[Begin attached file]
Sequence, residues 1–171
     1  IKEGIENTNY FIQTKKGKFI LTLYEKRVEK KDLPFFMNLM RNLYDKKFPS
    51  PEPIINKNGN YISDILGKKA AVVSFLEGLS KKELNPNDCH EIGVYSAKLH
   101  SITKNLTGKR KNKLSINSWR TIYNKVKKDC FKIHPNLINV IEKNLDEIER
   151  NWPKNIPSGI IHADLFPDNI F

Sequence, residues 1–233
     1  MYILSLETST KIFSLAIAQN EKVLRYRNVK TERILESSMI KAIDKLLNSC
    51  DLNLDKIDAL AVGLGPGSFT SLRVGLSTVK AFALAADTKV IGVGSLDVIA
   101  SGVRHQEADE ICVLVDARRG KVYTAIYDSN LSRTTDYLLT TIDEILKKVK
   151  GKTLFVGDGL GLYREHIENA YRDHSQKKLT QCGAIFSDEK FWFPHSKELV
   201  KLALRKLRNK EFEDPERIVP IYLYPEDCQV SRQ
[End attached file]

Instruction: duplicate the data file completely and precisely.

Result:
Sequence, residues 1–171
     1  IKEGIENTNY FIQTKKGKFI LTLYEKRVEK KDLPFFMNLM RNLYDKKFPS
    51  PEPIINKNGN YISDILGKKA AVVSFLEGLS KKELNPNDCH EIGVYSAKLH
   101  SITKNLTGKR KNKLSINSWR TIYNKVKKDC FKIHPNLINV IEKNLDEIER
   151  NWPKNIPSGI IHADLFPDNI F

Sequence, residues 1–233
     1  MYILSLETST KIFSLAIAQN EKVLRYRNVK TERILESSMI KAIDKLLNSC
    51  DLNLDKIDAL AVGLGPGSFT SLRVGLSTVK AFALAADTKV IGVGSLDVIA
   101  SGVRHQEADE ICVLVDARRG KVYTAIYDSN LSRTTDYLLT TIDEILKKVK
   151  GKTLFVGDGL GLYREHIENA YRDHSQKKLT QCGAIFSDEK FWFPHSKELV
   201  KLALRKLRNK EFEDPERIVP IYLYPEDCQV SRQ